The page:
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Evaluation of Alternate Anti-Icing & Deicing Compounds Using Sodium Chloride & Magnesium Chloride as Baseline Deicers

Project #: 4W1095
Start Date: 06/06/2006
End Date: 12/31/2008
Status: Completed

During the winter months, snow and ice control operations are crucial tools to ensure the safety of traveling motorists on highways in northern states. Research has indicated that the detrimental environmental impacts of abrasives (such as sand) generally outweigh those of salts. For example, seven times more material is required to treat a given distance of roadway when using sand as an abrasive as opposed to using salt. Therefore, studies such as this one are being conducted to research baseline deicers as an alternative to abrasives. Chloride-based deicers, known as road salts, play a key role in ensuring safe winter-driving conditions. These road salts can be found in a variety of snow and ice control products that are usually spread out on roadways to melt ice and snow by lowering the freezing point of the snow-salt mixture. These chemicals are used on winter roadways to either prevent the bonding of ice to the roadway (anti-icing) or break the bond between ice and the roadway (de-icing). In recent years, there has been a transition from reactive strategies (deicing and sanding) to proactive strategies (such as anti-icing) adopted by transportation professionals across North America. The ultimate goal of a winter highway maintenance program is to deliver the right type and amount of materials in the right place and time. The U.S. applies approximately 15 million tons of salts each year and spends 2.3 billion annually to keep roads clear of snow and ice. NaCl is one of the most commonly used deicers, as it has been traditionally abundant and inexpensive. However, its effectiveness is minimal below pavement temperatures of 10 degrees Fahrenheit. In addition, NaCl may become unusable due to problems with equipment, storage, handling, mixing, application, and industrial hygiene. The use of such large quantities of salts has raised concerns about their adverse impacts on motor vehicles, the transportation infrastructure, and the environment. Due to concern over potential increases in chloride concentrations in receiving streams, the Federal Highway Administration (FHWA) has begun encouraging the use of acetate-based deicers such as potassium acetate (KA) near environmentally sensitive streams. Acetates offer attractive alternatives to chloride-based deicers due to their non-corrosive characteristics, benign impacts on surrounding soils and ecosystems, and minimized adverse human health effects. Disadvantages of acetate-based deicers include the additional amount of product needed and the associated cost, air pollution, and poor performance in thick accumulations of snow and ice and in temperatures below 23 degrees Fahrenheit. This project will continue to investigate and research the use of chemicals to improve winter road conditions and driver safety.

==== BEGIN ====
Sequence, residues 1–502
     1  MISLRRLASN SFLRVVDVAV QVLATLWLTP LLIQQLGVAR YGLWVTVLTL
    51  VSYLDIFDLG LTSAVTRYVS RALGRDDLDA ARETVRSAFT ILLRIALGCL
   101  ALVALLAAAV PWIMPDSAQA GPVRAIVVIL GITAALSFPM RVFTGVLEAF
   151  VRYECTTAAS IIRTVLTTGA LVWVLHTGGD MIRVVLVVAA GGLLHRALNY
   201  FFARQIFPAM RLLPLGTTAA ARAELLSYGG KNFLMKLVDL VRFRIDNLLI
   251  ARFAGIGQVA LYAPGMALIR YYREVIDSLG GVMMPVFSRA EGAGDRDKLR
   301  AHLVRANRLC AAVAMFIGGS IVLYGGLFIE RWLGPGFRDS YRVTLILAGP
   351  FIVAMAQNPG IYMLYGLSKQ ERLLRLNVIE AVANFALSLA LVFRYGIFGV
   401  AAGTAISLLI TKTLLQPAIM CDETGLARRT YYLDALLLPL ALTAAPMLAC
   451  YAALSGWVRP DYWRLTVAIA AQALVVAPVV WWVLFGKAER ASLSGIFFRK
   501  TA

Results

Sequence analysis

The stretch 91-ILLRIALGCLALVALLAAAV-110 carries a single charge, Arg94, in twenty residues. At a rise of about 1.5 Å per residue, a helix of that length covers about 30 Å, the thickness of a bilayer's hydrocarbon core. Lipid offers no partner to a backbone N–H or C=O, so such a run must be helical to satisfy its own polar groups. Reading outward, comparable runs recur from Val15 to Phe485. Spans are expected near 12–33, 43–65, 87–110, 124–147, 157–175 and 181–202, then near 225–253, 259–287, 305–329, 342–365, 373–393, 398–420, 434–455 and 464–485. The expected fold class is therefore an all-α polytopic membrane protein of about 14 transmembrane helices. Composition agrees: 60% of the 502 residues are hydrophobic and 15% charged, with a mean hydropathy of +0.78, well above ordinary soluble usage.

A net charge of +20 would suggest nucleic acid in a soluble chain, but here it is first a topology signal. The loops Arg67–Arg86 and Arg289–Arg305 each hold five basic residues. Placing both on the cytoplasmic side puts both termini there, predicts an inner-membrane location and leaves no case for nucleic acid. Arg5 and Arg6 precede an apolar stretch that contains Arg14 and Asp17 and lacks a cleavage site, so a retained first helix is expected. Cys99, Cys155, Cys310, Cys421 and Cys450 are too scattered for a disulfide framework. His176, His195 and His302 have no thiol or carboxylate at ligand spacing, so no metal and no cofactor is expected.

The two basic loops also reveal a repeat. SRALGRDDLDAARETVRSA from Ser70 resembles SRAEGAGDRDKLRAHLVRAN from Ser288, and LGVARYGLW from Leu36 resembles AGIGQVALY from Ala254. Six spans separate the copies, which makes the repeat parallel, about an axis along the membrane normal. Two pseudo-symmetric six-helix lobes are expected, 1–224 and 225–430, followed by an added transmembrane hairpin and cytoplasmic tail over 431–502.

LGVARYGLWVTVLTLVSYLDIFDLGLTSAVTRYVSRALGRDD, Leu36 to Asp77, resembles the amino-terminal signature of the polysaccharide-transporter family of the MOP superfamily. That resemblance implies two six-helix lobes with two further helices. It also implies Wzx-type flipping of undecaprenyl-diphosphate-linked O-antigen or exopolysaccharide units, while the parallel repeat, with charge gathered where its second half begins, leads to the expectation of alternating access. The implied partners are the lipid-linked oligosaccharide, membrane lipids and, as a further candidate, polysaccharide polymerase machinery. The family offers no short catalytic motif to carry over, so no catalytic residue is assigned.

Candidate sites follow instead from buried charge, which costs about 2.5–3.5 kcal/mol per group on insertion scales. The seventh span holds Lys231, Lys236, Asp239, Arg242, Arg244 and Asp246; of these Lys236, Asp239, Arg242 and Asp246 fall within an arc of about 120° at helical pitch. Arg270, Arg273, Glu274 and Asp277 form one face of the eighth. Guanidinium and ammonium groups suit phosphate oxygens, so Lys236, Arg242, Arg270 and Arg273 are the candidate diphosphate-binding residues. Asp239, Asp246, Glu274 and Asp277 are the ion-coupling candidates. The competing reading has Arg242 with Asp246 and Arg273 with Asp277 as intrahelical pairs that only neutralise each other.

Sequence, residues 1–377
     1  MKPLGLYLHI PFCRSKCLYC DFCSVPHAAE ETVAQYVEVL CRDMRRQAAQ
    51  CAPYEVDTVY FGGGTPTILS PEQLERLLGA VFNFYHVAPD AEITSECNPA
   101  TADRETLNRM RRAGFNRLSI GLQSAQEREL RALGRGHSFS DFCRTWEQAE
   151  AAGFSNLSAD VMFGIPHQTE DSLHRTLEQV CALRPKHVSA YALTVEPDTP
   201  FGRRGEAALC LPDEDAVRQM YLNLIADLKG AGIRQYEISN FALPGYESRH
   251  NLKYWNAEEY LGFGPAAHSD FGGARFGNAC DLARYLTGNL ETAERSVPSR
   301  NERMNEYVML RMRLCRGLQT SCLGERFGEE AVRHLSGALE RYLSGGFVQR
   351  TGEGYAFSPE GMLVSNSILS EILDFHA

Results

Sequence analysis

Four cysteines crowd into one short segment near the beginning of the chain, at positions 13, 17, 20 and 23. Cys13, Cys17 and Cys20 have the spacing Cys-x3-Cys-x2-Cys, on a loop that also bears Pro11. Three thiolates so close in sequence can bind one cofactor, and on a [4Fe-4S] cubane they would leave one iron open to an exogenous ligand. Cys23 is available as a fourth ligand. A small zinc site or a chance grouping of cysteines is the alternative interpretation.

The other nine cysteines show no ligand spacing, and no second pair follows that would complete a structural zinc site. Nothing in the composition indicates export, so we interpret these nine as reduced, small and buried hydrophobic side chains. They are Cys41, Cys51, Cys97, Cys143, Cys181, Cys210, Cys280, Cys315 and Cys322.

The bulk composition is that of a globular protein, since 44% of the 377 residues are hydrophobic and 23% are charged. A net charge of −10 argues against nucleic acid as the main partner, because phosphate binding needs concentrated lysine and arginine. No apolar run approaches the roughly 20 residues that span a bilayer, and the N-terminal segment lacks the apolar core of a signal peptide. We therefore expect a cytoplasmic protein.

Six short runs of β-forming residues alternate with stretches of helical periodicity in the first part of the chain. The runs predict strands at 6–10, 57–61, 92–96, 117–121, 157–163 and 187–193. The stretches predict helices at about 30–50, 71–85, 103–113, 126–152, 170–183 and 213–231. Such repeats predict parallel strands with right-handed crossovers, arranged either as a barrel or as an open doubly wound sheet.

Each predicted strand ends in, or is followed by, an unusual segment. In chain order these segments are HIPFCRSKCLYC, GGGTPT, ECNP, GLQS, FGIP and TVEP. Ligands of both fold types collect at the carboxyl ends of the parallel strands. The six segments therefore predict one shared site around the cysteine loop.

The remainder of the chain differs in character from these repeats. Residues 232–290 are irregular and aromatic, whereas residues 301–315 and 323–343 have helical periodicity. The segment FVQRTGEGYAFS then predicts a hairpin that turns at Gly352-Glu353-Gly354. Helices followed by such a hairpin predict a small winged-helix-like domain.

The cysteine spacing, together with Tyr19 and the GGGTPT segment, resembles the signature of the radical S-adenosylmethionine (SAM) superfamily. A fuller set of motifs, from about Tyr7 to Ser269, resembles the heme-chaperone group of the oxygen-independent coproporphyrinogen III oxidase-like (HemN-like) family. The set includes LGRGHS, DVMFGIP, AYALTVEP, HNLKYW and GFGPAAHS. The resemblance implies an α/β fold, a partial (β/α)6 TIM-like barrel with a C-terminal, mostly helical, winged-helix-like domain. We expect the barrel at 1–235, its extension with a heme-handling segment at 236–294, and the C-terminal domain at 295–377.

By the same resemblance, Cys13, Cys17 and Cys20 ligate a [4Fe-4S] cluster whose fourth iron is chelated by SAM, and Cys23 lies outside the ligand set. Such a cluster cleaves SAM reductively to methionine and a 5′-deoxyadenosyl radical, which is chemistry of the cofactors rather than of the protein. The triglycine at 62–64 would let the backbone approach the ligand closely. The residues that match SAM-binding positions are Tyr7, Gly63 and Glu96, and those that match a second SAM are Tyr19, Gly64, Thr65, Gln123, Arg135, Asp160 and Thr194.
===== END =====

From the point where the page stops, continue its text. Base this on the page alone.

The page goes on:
Project Objective
The overall goal of this project was to evaluate potassium acetate (KA) and sodium acetate/formate blend deicers (or possibly potassium formate) as alternative anti-icing and deicing compounds relative to NaCl salt-sand mixtures and MgCl2 (baseline deicers) based on various criteria specified by the Colorado Department of Transportation (CDOT).